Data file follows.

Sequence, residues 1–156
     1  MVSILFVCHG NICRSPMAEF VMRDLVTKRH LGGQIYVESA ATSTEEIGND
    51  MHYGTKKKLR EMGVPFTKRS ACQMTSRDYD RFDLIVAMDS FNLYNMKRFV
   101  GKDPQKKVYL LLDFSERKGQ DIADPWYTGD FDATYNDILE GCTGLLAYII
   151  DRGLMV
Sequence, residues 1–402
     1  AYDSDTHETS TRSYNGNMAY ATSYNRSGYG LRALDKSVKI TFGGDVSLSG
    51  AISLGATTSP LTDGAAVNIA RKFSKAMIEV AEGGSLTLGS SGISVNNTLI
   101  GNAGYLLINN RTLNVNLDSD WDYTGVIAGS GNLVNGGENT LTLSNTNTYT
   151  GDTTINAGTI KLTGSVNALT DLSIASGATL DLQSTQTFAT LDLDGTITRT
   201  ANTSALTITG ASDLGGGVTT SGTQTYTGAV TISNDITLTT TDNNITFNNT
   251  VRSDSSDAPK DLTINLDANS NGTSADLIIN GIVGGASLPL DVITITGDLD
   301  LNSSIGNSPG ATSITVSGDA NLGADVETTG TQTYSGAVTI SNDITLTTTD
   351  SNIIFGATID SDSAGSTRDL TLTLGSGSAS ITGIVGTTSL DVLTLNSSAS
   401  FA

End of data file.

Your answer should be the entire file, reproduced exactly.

Sequence, residues 1–156
     1  MVSILFVCHG NICRSPMAEF VMRDLVTKRH LGGQIYVESA ATSTEEIGND
    51  MHYGTKKKLR EMGVPFTKRS ACQMTSRDYD RFDLIVAMDS FNLYNMKRFV
   101  GKDPQKKVYL LLDFSERKGQ DIADPWYTGD FDATYNDILE GCTGLLAYII
   151  DRGLMV
Sequence, residues 1–402
     1  AYDSDTHETS TRSYNGNMAY ATSYNRSGYG LRALDKSVKI TFGGDVSLSG
    51  AISLGATTSP LTDGAAVNIA RKFSKAMIEV AEGGSLTLGS SGISVNNTLI
   101  GNAGYLLINN RTLNVNLDSD WDYTGVIAGS GNLVNGGENT LTLSNTNTYT
   151  GDTTINAGTI KLTGSVNALT DLSIASGATL DLQSTQTFAT LDLDGTITRT
   201  ANTSALTITG ASDLGGGVTT SGTQTYTGAV TISNDITLTT TDNNITFNNT
   251  VRSDSSDAPK DLTINLDANS NGTSADLIIN GIVGGASLPL DVITITGDLD
   301  LNSSIGNSPG ATSITVSGDA NLGADVETTG TQTYSGAVTI SNDITLTTTD
   351  SNIIFGATID SDSAGSTRDL TLTLGSGSAS ITGIVGTTSL DVLTLNSSAS
   401  FA